8. Shuo Chen & James Kai-sing Kung, 2016. "Of maize and men: the effect of a New World crop on population and economic growth in China," Journal of Economic Growth, Springer, vol. 21(1), pages 71-99, March.
    9. XuYi & Bas van Leeuwen & Jan Luiten van Zanden, 2015. "Urbanization in China, ca. 1100–1900," Working Papers 0063, Utrecht University, Centre for Global Economic History.
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    11. Yi Xu & Zhihong Shi & Bas Leeuwen & Yuping Ni & Zipeng Zhang & Ye Ma, 2017. "Chinese National Income, ca. 1661–1933," Australian Economic History Review, Economic History Society of Australia and New Zealand, vol. 57(3), pages 368-393, November.
    12. Jutta Bolt & Jan Luiten Zanden, 2014. "The Maddison Project: collaborative research on historical national accounts," Economic History Review, Economic History Society, vol. 67(3), pages 627-651, August.
    13. Baomin Dong & Jiong Gong & Kaixiang Peng & Zhongxiu Zhao, 2015. "Little Divergence: Evidence from Cotton Textiles in Japan and China 1868–1930," Review of Development Economics, Wiley Blackwell, vol. 19(4), pages 776-796, November.
    14. Deng, Kent & O’Brien, Patrick Karl, 2016. "China’s GDP per capita from the Han Dynasty to communist times," Economic History Working Papers 64857, London School of Economics and Political Science, Department of Economic History.
    15. Jan Luiten Zanden & Joerg Baten & Peter Foldvari & Bas Leeuwen, 2014. "The Changing Shape of Global Inequality 1820–2000; Exploring a New Dataset," Review of Income and Wealth, International Association for Research in Income and Wealth, vol. 60(2), pages 279-297, June.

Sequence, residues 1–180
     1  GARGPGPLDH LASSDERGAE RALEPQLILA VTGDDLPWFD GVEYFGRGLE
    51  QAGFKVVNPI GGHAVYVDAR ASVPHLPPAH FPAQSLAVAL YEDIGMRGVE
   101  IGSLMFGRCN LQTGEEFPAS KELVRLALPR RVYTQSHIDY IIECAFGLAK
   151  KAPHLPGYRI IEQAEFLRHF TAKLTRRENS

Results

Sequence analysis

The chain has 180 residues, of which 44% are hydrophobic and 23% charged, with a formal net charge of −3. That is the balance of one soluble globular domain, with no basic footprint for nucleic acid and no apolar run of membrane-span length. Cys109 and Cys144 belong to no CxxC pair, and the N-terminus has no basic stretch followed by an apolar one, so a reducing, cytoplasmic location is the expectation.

16. Stephen Broadberry, 2021. "Accounting for the Great Divergence: Recent findings from historical national accounting," CAGE Online Working Paper Series 549, Competitive Advantage in the Global Economy (CAGE).
    17. Branko Milanovic, 2012. "Global Inequality: From Class to Location, from Proletarians to Migrants," Global Policy, London School of Economics and Political Science, vol. 3(2), pages 125-134, May.
    18. Mitchener, Kris James & Ma, Debin, 2016. "Introduction to the special issue: a new economic history of China," LSE Research Online Documents on Economics 69191, London School of Economics and Political Science, LSE Library.
    19. Broadberry, Stephen, 2013. "Accounting for the great divergence," Economic History Working Papers 54573, London School of Economics and Political Science, Department of Economic History.
    20. Philip T. Hoffman, 2020. "The Great Divergence: Why Britain Industrialised First," Australian Economic History Review, Economic History Society of Australia and New Zealand, vol. 60(2), pages 126-147, July.
    21. Baten, Jörg & Sohn, Kitae, 2014. "Impoverished, but Numerate? Early Numeracy in East Asia (1550–1800) and its Impact on 20th and 21st Century Economic Growth," CEPR Discussion Papers 9991, C.E.P.R. Discussion Papers.
    22. Iris Claus & Les Oxley & Kent Deng, 2014. "A Survey Of Recent Research In Chinese Economic History," Journal of Economic Surveys, Wiley Blackwell, vol. 28(4), pages 600-616, September.
    23. Deng, Kent, 2015. "China’s population expansion and its causes during the Qing period, 1644–1911," LSE Research Online Documents on Economics 64492, London School of Economics and Political Science, LSE Library.
    24. Kent Deng & Patrick Karl O’Brien, 2014. "Creative Destruction: Chinese GDP per capita from the Han Dynasty to Modern Times," Working Papers 0063, European Historical Economics Society (EHES).

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    More about this item

    Keywords

    economic development; labour productivity; real incomes;
    All these keywords.

    JEL classification:

    • N3 - Economic History - - Labor and Consumers, Demography, Education, Health, Welfare, Income, Wealth, Religion, and Philanthropy
    • O1 - Economic Development, Innovation, Technological Change, and Growth - - Economic Development
    • O4 - Economic Development, Innovation, Technological Change, and Growth - - Economic Growth and Aggregate Productivity